Doctors are also discussing the creation of registries to track patients who have had CT angiograms. But now that Medicare has backed down, skeptics say it is unlikely that anyone will conduct a major clinical trial to determine if patients who receive CT heart scans have better medical outcomes than those who do not.

“It’s clearly going to be much more difficult, given the Medicare decision,” said Dr. Sean Tunis, a former Medicare official who directs the Center for Medical Technology Policy, a nonprofit group.

Industry consultants say that now that Medicare has agreed to pay for the tests, resistance among commercial insurers is likely to disappear. “I believe the holdouts will be paying within 12 months,” said Michelle Boston, the chief executive of Partners Imaging, a Dallas company that works with doctors to offer CT scans.

And so CT angiograms seem destined to continue, in ever greater numbers. “Once the train leaves the station, once the technology gets on the marketplace, we don’t get the evidence,” said Dr. Redberg, the University of California, San Francisco, cardiologist. “We’re spending a lot of money on technology of unclear benefit and risk.”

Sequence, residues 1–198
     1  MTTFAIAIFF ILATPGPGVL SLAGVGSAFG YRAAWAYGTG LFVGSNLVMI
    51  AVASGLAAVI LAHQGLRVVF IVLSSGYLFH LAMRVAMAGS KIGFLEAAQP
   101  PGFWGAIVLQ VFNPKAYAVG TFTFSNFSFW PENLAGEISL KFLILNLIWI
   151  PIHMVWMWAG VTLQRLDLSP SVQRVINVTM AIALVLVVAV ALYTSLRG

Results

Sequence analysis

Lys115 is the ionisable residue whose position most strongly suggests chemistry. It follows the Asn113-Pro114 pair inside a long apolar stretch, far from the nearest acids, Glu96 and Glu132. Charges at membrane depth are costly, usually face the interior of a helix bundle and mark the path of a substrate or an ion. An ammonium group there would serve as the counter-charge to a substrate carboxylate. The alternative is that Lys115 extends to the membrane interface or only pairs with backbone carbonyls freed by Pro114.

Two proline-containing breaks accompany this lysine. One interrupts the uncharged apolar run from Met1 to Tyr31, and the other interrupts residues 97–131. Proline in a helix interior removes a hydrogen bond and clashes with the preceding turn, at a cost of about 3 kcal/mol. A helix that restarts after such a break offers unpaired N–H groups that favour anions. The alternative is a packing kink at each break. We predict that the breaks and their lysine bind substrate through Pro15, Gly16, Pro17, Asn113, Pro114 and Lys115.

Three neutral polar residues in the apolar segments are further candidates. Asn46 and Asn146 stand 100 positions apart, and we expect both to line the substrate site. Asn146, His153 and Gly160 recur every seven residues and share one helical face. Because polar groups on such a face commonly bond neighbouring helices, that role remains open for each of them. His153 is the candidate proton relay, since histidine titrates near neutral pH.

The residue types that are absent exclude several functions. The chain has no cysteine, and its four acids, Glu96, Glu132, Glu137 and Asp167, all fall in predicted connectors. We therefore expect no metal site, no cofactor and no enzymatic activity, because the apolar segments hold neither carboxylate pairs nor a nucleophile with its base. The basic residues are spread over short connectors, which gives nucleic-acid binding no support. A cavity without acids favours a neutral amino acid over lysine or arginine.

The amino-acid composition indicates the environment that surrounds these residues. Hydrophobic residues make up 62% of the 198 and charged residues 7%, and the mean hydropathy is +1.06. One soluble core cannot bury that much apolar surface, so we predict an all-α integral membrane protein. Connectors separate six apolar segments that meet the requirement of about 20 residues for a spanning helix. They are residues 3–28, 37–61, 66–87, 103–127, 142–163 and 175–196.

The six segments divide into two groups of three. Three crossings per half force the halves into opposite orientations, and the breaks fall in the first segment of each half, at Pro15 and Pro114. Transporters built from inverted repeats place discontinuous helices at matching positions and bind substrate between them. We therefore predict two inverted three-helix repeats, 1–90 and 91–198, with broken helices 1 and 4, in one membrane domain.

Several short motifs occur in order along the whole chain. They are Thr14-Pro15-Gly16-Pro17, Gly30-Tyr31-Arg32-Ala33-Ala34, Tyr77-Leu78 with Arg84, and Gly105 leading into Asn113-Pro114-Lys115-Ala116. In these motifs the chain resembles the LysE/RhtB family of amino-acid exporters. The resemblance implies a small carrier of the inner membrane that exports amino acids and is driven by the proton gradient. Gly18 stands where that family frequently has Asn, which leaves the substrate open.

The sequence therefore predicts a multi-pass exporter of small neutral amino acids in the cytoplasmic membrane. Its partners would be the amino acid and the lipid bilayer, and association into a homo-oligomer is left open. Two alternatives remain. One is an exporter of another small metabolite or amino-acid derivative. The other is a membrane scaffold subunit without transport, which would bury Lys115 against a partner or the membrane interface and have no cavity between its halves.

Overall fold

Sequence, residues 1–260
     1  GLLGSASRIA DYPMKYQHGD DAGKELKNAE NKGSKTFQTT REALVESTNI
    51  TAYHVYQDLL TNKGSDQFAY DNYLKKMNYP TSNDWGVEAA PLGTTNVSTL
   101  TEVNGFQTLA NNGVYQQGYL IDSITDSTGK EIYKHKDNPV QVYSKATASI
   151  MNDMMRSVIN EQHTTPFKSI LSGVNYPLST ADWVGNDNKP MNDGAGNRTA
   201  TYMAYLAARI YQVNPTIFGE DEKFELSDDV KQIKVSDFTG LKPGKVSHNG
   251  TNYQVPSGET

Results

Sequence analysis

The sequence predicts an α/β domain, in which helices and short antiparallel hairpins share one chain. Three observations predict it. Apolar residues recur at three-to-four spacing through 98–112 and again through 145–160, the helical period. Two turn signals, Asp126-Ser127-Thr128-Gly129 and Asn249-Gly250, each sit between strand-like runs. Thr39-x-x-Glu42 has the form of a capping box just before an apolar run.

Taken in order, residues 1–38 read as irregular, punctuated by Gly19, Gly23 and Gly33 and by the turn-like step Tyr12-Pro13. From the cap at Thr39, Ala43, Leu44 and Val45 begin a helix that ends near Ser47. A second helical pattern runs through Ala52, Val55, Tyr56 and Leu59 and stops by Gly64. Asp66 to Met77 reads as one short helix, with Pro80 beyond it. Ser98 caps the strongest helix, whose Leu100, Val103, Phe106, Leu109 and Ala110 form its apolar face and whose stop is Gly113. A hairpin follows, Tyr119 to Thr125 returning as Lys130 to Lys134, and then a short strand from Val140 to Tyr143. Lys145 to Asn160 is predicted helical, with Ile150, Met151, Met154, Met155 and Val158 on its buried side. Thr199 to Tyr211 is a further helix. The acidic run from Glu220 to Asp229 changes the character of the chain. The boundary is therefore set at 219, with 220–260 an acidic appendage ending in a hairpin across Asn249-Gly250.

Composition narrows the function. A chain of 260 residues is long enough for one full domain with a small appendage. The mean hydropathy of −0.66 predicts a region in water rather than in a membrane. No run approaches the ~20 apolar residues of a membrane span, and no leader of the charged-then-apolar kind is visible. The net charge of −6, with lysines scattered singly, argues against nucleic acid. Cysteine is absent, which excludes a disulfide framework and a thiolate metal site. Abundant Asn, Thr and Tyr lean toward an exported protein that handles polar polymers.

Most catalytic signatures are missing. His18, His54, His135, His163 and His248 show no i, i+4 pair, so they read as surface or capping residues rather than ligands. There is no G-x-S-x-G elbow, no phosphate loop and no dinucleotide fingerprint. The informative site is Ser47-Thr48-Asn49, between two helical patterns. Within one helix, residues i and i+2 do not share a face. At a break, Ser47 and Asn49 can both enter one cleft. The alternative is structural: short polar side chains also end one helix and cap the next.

Tuesday, June 17, 2008

Eyes Bloodshot, Doctors Vent Their Discontent

By SANDEEP JAUHAR, M.D.

“I love being a doctor but I hate practicing medicine,”
a friend, Saeed Siddiqui, told me recently. We were sitting in his
office amid his many framed medical certificates and a poster of an
illuminated lighthouse that read: “Success doesn’t come to
you. You go to it.”



A doctor in his late 30s, he
has been in practice for six years, mostly as a solo practitioner. But
he told me he recently had decided to go into partnership with another
cardiologist; his days, he said, will be “totally busy.”

“Your days aren’t busy enough already?” I asked.

The
waiting room was packed. He had a full schedule of appointments, and
after he was done with his office patients, he was going to round at
two
hospitals.

He smiled wanly. “Just look at my eyes.”

They were bloodshot.

“This whole week I haven’t slept more than about six hours a night.”

I asked when his work usually got done.